Sunday, August 21, 2011

Here's Your Change

Until the time comes when I can support myself writing full-time, I have a Day Job. Capital letters. Forty hours. The Big Suck. In that Day Job I work as a bank teller, usually head teller, which means I'm responsible for this great, big pile of cash that I'm allowed to play with and look after but never take further than the bullet-resistant glass. My power is like that of the Holy Grail in Indiana Jones and The Last Crusade- it's incredible to behold, but it can't cross the seal.

Or, as I like to say: I have the only job that gets worse the more money you throw at me.

In October I'll have completed three years at this job, a number that's scary considering how fast it came, and how bad the job has gotten at moments. There were stretches of time in which I can only explain why I showed up in the morning as a sick fascination. That thing where you say, "It can't possibly get worse," and then it does, and you laugh and say it again. And it happens again.

At times like that I like to imagine myself sitting up on a hill, watching a gruesome train derailment. Maybe I'm eating popcorn.

The main reason why The Job got so bad, and not all of the time, but a good amount of it, is simple: under-staffing. I worked at a branch which simply didn't have enough employees for the amount of work that needed to get done. That kind of thing tends to snowball- low morale, lack of energy, all the little things that get put off until some mystical future that never quite comes, stays just out of reach- it all congeals into this great, gaping wound that doesn't get a chance to heal.

About a month ago, on a Monday, at three-thirty, thirty minutes to closing time, I was called into the office. There I was told quite simply that, due to some shifting needs in the area, I'd be reporting to another branch the next morning.

I'd been transferred. Nearly three years in one place, and I had thirty minutes to say goodbye.

This was a shock to me, as you can imagine, as was walking into my new situation the next morning and finding I'd gone from an old, dirty building built in the fifties and frequented by the elderly and generally not-well-off, to a bright, clean block made of glass and daylight within eyesight of a golf course, visited by an endless line of lawyers and trust-fund babies. All these people had teeth and used the internet! They wore ties and had investment brokers on speed-dial!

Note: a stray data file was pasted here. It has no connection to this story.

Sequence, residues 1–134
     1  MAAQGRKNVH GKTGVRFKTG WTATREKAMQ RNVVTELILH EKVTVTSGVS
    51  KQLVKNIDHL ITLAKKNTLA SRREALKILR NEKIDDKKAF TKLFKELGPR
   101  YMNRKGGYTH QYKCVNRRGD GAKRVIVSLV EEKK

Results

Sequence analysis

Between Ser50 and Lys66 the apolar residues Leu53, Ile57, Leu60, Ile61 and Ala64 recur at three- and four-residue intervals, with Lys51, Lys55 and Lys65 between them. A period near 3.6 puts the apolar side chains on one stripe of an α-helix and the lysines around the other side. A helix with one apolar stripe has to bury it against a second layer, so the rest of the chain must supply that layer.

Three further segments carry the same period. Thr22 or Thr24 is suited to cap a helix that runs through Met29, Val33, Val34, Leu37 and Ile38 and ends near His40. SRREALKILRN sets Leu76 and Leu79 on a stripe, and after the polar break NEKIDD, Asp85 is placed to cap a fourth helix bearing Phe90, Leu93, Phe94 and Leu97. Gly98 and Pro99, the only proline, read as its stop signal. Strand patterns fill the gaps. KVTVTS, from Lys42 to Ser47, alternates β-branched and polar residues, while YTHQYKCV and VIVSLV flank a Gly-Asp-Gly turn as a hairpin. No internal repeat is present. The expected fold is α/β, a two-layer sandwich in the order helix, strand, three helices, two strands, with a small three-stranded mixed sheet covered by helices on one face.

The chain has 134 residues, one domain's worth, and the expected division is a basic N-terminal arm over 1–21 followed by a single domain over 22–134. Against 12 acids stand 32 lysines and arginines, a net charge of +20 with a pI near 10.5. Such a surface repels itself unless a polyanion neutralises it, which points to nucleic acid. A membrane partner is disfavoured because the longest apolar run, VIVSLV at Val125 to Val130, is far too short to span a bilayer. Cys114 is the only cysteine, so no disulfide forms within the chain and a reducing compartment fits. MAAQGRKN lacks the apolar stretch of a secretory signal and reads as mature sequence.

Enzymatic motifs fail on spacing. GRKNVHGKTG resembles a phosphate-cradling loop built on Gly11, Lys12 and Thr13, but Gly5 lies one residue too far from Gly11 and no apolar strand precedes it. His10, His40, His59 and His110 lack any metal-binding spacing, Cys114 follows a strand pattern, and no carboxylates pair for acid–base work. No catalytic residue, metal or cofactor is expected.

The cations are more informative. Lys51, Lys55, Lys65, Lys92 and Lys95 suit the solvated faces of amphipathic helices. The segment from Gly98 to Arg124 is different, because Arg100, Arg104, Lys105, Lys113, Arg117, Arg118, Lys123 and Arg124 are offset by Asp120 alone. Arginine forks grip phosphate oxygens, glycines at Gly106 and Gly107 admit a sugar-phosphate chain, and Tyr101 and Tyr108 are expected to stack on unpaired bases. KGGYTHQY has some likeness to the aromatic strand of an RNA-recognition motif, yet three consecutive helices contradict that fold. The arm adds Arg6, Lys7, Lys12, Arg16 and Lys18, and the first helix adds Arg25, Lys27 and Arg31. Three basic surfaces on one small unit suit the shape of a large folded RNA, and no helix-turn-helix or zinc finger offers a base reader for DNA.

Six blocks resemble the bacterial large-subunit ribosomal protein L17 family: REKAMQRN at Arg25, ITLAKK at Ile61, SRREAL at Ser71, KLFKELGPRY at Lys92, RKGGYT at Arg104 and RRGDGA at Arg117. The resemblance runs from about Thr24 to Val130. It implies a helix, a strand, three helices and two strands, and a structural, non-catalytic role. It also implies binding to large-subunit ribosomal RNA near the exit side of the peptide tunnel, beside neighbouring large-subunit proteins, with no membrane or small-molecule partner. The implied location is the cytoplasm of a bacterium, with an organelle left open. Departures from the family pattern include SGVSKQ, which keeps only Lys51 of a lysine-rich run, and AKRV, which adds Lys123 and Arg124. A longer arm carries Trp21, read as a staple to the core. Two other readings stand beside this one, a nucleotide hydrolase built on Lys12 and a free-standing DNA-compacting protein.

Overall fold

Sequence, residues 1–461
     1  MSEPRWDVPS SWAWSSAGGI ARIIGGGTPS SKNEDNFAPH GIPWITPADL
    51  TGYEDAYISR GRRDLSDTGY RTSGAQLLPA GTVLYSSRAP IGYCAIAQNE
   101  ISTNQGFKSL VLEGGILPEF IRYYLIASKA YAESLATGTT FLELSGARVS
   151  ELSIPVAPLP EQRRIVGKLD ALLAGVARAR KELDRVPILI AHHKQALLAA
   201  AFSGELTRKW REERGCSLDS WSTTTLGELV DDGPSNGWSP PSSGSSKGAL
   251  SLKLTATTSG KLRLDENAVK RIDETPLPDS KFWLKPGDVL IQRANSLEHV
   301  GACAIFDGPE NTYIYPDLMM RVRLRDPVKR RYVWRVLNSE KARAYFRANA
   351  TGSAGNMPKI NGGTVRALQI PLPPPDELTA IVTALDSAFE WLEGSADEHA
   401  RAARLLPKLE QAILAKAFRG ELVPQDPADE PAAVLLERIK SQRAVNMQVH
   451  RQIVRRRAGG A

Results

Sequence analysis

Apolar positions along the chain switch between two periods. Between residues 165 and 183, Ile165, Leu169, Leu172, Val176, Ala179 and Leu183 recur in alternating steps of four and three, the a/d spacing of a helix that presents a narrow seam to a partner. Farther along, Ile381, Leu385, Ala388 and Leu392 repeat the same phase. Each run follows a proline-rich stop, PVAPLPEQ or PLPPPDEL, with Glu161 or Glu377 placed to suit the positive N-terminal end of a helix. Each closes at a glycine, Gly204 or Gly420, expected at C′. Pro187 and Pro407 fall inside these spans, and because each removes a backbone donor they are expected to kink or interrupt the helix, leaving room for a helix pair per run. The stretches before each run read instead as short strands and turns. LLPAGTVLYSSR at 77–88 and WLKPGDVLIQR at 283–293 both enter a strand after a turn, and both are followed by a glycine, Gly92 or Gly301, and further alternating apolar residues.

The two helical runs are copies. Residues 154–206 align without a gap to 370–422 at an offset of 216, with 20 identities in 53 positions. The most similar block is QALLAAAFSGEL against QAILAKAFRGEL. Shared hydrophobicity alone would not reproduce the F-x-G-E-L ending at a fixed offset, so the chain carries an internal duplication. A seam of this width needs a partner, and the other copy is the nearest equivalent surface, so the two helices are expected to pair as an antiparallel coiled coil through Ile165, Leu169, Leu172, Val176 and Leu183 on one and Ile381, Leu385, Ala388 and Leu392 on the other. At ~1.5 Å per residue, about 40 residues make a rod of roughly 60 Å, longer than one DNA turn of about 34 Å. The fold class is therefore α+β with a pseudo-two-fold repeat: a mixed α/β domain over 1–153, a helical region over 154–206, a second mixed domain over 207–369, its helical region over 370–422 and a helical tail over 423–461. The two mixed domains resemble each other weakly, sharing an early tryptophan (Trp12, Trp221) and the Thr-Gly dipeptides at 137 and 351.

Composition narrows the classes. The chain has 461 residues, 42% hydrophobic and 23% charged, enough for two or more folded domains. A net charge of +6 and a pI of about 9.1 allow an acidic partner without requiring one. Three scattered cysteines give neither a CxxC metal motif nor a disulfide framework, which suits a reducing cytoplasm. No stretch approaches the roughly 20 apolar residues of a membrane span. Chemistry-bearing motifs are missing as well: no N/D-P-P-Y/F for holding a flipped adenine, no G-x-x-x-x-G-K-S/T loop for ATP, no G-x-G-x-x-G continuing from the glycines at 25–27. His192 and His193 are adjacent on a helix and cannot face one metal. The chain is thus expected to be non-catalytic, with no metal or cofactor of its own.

I was lost.

Now, a month later, I'm finding myself as adapted to the change as I'll likely ever be. Not entirely, but enough. There's a strange resentment in dealing with people who have money when you have little, but mainly in dealing with the ones who don't deserve it, who push it around like a shield, with a sense of entitlement in every move. The ones who see waiting in line as spit in their faces. Whose immune systems violently over-react to the word No. Whose primary weapon is the threat of Taking Their Money Elsewhere. It's an insult to people not so fortunate to see ones who are, yet take no pleasure in it at all. Or maybe it's an important and affirming lesson. Who knows.

And then, just when your mind is made up about these Money People, you'll turn around and meet one who's the nicest guy you've ever met. Or you'll meet, as I did, the plastic surgeon who uses his own money to bring kids over from Iraq who have been disfigured in the war, who puts them up in comfortable surroundings and then rebuilds their faces, free of charge.

But it's not all doctors and lawyers, of course. There are the nurses and drivers, too, the secretaries and the retirees. Yesterday I helped a man with a check from the Narcotics Department who looked head-to-toe like an undercover drug cop, and when he walked away he was replaced by a sushi chef in full uniform, the shirt held closed by a safety pin.

Does anyone see these things and simply move on through their day? Am I the only one haunted by intangible connections?

The only constant is change, as they say, change is good, change is growth. But change always seems to have a running start on me, and I have to chase after it, lungs burning in my chest, to catch the trailing seams of its shirt.

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